The vast majority of faith-based movies being made -- still -- have a “golly gee whiz” approach to the carnage -- spiritually and physically -- being spilled in this world. If the Bible were made true to form, it would be beyond an “R” rating with some of the sexual content alone -- let alone the violence. No, that is not a call to make a movie with inappropriate sex scenes. But Christian entertainment can do a much better job of relating to real people and real life, than is being done now.

In an article from Focus on the Family’s website, Why Christian Movies Bomb, the takeaway comes courtesy of the comments section, written by the very people who are the audience of moviegoers I’m addressing.

While there has been an increase of interest in faith-based films due to the cesspool of sin Hollywood has been producing, how long will that trend last? It could easily be a dying brand if this market, like every other product, is not rebranded and innovative enough to reach a bigger and new demographic of moviegoers.

In a statistical analysis, 67% of television watchers rarely or never watched Christian television. And those that watched it sometimes or often were the evangelical, weekly church attender. How many people could be reached by creating a film that will compel a person to peak interest in Christianity?

My original career was in the business world -- this was my degree and original interests and endeavor. I understand the economics of film in regards to having to turn a profit like every other business and return on investment (ROI.) However, I am also a Christian. I understand that before business, I am accountable to Christ. If I stay within my comfort zone and don’t stand on faith to create projects that will go into the trenches and reach the lost, then I am not using my talents to help others -- I am using them solely for my personal gain.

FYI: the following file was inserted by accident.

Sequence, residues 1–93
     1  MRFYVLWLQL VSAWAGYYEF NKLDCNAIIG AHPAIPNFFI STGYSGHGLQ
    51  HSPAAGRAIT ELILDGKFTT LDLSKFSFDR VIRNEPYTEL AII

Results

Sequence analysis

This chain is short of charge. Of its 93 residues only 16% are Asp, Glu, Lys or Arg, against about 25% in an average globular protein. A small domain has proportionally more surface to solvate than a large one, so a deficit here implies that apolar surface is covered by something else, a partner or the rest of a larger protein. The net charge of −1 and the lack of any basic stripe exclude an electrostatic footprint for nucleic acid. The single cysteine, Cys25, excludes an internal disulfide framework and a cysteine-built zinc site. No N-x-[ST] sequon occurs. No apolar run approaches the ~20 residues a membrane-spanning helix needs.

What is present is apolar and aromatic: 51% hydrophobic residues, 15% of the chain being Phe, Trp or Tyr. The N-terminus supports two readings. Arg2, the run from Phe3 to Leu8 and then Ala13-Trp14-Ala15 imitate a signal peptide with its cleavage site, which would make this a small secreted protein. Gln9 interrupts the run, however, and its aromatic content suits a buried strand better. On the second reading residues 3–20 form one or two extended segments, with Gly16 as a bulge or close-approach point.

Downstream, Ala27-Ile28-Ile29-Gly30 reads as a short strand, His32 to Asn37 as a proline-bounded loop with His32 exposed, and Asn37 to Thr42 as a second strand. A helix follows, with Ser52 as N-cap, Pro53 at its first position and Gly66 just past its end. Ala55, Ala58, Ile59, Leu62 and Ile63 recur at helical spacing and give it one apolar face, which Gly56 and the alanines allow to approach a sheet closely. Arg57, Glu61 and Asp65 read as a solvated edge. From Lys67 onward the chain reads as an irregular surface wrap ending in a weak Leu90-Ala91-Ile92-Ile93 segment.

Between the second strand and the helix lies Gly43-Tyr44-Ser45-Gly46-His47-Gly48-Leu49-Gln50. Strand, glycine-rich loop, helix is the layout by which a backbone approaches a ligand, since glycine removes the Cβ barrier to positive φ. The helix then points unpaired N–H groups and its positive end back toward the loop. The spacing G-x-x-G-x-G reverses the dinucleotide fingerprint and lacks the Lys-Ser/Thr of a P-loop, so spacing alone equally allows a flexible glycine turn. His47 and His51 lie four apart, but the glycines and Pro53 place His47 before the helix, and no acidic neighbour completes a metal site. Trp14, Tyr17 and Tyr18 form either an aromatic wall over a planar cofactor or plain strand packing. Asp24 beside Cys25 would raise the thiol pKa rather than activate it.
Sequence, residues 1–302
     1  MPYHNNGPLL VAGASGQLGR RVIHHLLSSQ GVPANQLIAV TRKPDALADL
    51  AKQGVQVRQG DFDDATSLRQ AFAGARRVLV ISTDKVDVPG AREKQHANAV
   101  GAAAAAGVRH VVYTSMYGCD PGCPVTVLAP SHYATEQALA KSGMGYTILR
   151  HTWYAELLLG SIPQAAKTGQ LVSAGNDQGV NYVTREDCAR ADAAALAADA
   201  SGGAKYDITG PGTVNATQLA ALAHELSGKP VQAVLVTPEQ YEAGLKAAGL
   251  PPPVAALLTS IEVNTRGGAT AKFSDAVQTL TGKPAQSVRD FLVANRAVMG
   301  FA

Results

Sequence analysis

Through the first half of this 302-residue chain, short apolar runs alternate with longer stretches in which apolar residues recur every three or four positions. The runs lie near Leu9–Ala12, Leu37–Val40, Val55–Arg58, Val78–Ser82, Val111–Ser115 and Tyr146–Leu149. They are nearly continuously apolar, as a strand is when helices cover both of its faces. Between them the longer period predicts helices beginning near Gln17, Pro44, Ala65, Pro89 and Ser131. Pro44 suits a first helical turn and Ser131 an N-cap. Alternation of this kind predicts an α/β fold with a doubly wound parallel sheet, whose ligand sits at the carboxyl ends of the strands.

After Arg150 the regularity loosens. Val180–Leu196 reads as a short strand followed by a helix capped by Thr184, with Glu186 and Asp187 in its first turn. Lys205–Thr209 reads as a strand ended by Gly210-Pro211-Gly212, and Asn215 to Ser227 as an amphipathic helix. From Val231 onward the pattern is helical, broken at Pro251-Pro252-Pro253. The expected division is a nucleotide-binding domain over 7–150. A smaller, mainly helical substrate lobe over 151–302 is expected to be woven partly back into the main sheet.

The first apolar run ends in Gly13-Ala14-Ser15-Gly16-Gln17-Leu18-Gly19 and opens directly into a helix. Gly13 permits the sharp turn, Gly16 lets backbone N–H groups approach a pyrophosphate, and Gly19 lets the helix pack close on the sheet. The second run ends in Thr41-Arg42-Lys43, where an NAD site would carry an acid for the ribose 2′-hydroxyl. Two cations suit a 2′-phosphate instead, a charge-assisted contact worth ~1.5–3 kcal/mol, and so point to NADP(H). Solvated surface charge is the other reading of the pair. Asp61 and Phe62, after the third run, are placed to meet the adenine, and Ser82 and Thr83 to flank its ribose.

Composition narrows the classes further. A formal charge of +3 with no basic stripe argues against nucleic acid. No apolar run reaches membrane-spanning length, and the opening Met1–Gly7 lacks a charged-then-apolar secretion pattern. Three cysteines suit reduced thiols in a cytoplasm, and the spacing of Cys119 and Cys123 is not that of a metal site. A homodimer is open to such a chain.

Speaking of Mel Gibson, he sacrificed $25MM+ of his own money -- as well as started his own distribution company -- to launch The Passion of the Christ. He also straightforwardly warned Jim Caviezel that he might never work in Hollywood again if he took on portraying Jesus in the film. And, as you can witness in numerous interviews with Jim online and in print, being brave enough to accept the role wasn’t even close to the enormity of risks he would endure throughout the venture.

I am requesting a larger conversation among Christian investors (and also filmmakers) to address these issues and discuss how we can be more realistic in our films that will traverse the battlefield and reach the lost. Let’s connect, and go reach people where they are, together.